Summer spending can add up, but what if one of your big financial goals is to buy a house? The idea of making such a life-altering, huge, often emotional purchase can take a lot more than just turning spending habits into saving habits. For many people, it’s easily one of life’s most daunting transactions. It doesn’t necessarily have to be. If you’ve been dreaming of owning your own house and you’re ready to start planning to take the plunge, I’m here to break it down to basics so that you can learn how to make your own life-changing, exciting purchase.
What to Do Before You Buy a House: The Money
Learn how to balance spending with saving: Buying a house starts with saving money for a down payment, extra closing costs, and clearing up your credit. These days, it’s not a secret that home prices have skyrocketed, but you can still purchase your dream home with the help of long-term finance options like a mortgage. Getting a mortgage is very common, and an overwhelming 97% of Millennials are utilizing mortgages to buy their first home. An accepted rule of thumb is to save at least 5% of the home price for your down payment. However, some loan options will require even less, and some FHA loans require as little as 3.5%.
Get your debt under control: Time to be diligent about checking your credit report and also learn what actually goes into baking up your credit score. No matter where you are in the credit/debt bucket, taking the time to raise your credit score will pay off big before you apply for a mortgage. Raising your credit score will help you qualify for a better rate. Payment history, age of credit, and debt to credit ratios have a bigger impact on your score. You can keep your score healthy by making on time payments and by paying down high balances. Also, don’t close your credit cards once they are paid off! Your credit history factors into your score and you erase that history if you close a card, it can also lower your credit availability. Tuck those cards into your safe at home. You don’t need to close them. Your credit behavior matters just as much as the amount you owe to lenders, so be consistent and don’t make any large purchases that can impact your credit right before buying a house.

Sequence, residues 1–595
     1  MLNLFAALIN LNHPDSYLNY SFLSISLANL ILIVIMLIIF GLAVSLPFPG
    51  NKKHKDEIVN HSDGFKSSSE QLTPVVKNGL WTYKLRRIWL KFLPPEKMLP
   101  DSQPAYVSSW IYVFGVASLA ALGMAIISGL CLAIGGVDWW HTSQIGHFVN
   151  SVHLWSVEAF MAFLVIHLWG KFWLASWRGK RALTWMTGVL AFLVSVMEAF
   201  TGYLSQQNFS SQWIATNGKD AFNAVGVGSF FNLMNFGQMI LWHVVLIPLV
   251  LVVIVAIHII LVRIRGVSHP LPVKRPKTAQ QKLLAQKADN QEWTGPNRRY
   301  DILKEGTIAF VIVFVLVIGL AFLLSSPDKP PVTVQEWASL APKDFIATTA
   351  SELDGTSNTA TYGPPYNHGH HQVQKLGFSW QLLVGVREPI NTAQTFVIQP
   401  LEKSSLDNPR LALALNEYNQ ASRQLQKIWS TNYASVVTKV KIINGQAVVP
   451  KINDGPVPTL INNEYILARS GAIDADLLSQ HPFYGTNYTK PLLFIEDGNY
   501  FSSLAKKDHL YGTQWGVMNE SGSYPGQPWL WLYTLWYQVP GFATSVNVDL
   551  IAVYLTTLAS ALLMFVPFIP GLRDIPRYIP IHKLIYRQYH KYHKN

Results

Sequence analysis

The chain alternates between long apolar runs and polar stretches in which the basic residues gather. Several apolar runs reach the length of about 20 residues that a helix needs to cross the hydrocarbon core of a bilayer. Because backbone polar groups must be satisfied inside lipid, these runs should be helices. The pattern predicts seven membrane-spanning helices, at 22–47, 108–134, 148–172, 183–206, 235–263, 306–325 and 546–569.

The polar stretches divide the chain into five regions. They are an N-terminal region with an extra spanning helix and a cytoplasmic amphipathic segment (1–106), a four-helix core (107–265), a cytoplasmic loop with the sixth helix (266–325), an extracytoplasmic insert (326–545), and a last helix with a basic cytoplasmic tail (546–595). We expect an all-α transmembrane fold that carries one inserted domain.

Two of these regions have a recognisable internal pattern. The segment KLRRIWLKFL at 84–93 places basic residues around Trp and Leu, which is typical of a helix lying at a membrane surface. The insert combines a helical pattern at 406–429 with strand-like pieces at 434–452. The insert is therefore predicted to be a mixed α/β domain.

Consider working with a money coach: Investing in your not-too-distant future is a lot easier to do when you are equipped with people who can help you create a strategy and make savvier money moves with support. When you work with a money coach, all of your money goals are on the table, including your home buying experience. Finances can feel overwhelming, so having a professional on your side can help keep you in the driver’s seat throughout the homebuying process, and any other financial milestones. If you’ve never worked with a money coach before, don’t be afraid to reach out to me, and let’s talk about how we can work together.
Look within your means: The dream house looks different for everyone, but the most important thing you can do for your home is to purchase within your reasonable means. As a homeowner, you’ll have new expenses for upkeep and repairs that can cost as much as a monthly mortgage payment. You need to factor those costs in when deciding whether or not you can afford the mortgage you’re applying for. Every big purchase comes with risk, and houses are a big expense to run every single month. I lost my house in the 2008 mortgage crisis and one of the reasons I had to short sale was because I couldn’t afford the hefty mortgage and upkeep after my husband lost his job. I had to face some eye-opening mistakes, and one of them was taking on too big of a mortgage at such a young age.
Achieving those Financial Milestones
What’s important to remember about your financial life (no matter what it looks like now) is that you are not alone. The more you get involved in your money, the more empowered you will feel when it comes to creating the life that you want. I’m committed to helping people raise their worth and have a more secure financial future, and that includes making their dream home a reality. Buying a house can feel daunting, especially if you’re doing it alone, but it is doable (even in today’s market). Don’t fear the steps of the process because the more you learn, the farther you can go with your money goals.
If you’re looking for a community of women to support your money goals this year, join mine. If you want help getting your $hit together so you can buy a house, sign up for my next GIT Elevated Money Course today.